The Three Reasons I Overeat

I've heard it said that you can't overeat on a whole food, plant-based diet.  And yet, I know that I oftentimes will eat when I'm not hungry. And while I've kept my weight within a five pound range for the last three and a half years since losing 150 pounds, I still feel that there's another ten pounds or so that I would like to lose. And it seems like eating when I'm not hungry might be the culprit that is keeping me from losing that last ten pounds.

Now, the good news is that I've had both Dr. Frank Sabatino and Dr. Alan Goldhamer stay at my house in the last year, and both of them have told me that I'm fine and I shouldn't stress about losing that last ten pounds. But I still want to, and so because of that, I think that conquering my overeating habit is important.

I've figured out that there are three reasons I overeat. And some of these may be things you do too. So, I thought it important to publish this. The first step in conquering any problem is to recognize that we have a problem and then identify the reasons (what we would have called the root causes back during my professional years) for the problem.

So, along those lines, here are my three reasons:

I overeat out of habit

This may be the biggest issue that I face. Over time, there are certain habits that I've formed. For example, I've enjoyed a big bowl of air-popped popcorn spiced with nutritional yeast while watching TV on many nights. This is probably a habit that I started even before going whole food, plant-based, except at that time I would eat a bag of microwave popcorn from the store (being oblivious to all the trans and saturated fats and salt I was consuming with that popcorn).

Or sometimes I'll get into the habit of having a bowl of nice cream for dessert after dinner. It's healthy, right? It's nothing but frozen fruit and bananas or frozen peanut butter and bananas. And it tastes like the old ice cream I used to enjoy. But the problem is, I first of all take big scoops of it and secondly, I eat it even though I'm entirely full from dinner.

And that's the real issue. We can't overeat on a whole food, plant-based diet if we stop when we're full (or as some people do, stop when they're 80% full). But I don't do that. Out of habit, I will eat foods even when I'm full.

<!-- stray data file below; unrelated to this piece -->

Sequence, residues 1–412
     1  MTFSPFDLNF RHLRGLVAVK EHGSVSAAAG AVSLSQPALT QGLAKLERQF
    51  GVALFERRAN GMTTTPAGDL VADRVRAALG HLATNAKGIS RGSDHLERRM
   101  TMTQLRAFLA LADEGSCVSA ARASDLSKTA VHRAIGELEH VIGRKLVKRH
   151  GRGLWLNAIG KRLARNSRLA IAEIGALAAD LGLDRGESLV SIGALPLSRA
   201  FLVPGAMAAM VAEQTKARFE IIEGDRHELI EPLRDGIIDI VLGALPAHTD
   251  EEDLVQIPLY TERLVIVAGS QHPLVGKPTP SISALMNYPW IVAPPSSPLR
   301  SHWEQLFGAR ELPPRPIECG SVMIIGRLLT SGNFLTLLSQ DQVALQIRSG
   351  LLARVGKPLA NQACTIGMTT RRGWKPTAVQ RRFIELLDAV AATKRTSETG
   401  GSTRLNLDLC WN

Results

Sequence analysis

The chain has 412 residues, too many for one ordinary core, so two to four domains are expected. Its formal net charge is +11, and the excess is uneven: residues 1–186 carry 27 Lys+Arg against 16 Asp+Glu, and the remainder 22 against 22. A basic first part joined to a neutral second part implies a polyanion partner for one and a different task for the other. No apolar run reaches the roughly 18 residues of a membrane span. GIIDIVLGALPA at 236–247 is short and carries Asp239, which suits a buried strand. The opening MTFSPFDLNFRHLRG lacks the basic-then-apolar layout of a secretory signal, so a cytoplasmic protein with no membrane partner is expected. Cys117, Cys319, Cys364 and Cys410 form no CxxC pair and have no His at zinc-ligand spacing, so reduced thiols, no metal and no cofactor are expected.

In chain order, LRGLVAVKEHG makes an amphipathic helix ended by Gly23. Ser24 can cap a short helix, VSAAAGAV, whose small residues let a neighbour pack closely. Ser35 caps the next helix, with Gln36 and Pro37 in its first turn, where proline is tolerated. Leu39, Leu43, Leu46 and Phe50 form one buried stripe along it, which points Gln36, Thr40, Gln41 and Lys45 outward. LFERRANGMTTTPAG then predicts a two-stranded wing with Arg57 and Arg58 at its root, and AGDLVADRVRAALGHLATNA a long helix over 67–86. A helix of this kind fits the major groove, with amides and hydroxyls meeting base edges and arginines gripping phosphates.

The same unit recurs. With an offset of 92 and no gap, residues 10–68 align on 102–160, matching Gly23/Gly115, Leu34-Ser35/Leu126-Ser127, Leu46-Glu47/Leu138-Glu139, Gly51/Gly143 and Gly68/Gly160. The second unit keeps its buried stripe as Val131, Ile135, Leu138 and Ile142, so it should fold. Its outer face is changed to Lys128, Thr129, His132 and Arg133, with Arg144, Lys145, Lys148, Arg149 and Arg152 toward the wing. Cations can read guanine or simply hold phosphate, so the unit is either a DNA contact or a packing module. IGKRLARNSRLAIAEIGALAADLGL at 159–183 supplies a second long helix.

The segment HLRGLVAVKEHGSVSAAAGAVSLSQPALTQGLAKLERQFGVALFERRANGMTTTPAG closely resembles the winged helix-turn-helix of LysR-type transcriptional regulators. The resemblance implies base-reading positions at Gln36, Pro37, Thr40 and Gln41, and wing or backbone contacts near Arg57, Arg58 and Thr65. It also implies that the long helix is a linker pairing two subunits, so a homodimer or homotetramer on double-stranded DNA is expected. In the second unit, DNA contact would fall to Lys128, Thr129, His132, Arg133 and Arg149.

Out of habit, I eat three bananas a day (full or not full). And that might be in addition to the nice cream.

So, the first order of business I've decided is to not eat when I'm not hungry. That's a conscious decision that I've made, and it's one that we have to make. Eat only when hungry.

The other conscious decision that I've made is to not eat after dinner at night (or after 7 pm if I've eaten an early dinner). That is the hardest resolution (so to speak) to keep, but I think it's an important one. I have all my life habitually eaten at night. In fact, I would bet that there are many times when I've consumed more calories after dinner than I did the whole rest of the day. So, I think that's important.

In making these decisions, it's good to change the events too that trigger them. For example, if watching television triggers a person to eat, then doing something else might make it easier to not eat. I find reading a book can work in that regard because it's more difficult to hold the book and turn the pages while also holding food and eating it (although it's not impossible; I have done it).

I overeat in anticipation of hunger

This problem is usually most prevalent to me at the beginning of the day; whereas, the habitual eating is a problem at the end of the day.

I generally make it a point to not eat until 11 am in the morning. I do that in order to intermittently fast. I want to get in a good 12 hour fast each day before I start to eat. And now that I've decided not to eat after 7 pm on most days, that fast extends to 16 hours.

What that means is I generally eat only two meals a day instead of three. But if I have an event in the morning that isn't going to allow me to eat at 11 am, then I will eat before the event. That's because I'm anticipating being hungry but not being able to eat at 11 am. That ends up doing two things usually. First, it causes me to break my fast earlier than I wanted to and usually when I'm not hungry. Plus it throws my schedule off and I will eat a second meal after the event and still then eat dinner that night. So, a scheduled event can easily add another meal into my day.

I think perhaps the answer to that might be to take something light, like a small bag of nuts or raisins to the event and feed my hunger when it arrives. But again, be conscious of when I'm hungry and don't feed myself when I'm not hungry.

I overeat in order to avoid wasting food

One of the problems with being whole food, plant-based is food really does expire. You can buy processed foods, that may have expiration dates stamped on them, but the truth is, the food (or should I say the chemicals they call food) will be around forever.  But one trait of a whole, plant-based food is that it does go bad. And oftentimes, that happens before we can eat it.

I never like to waste or throw out food, although I have heard it said that it gets wasted either way. It either is waste or it goes to your waist where it's also not needed.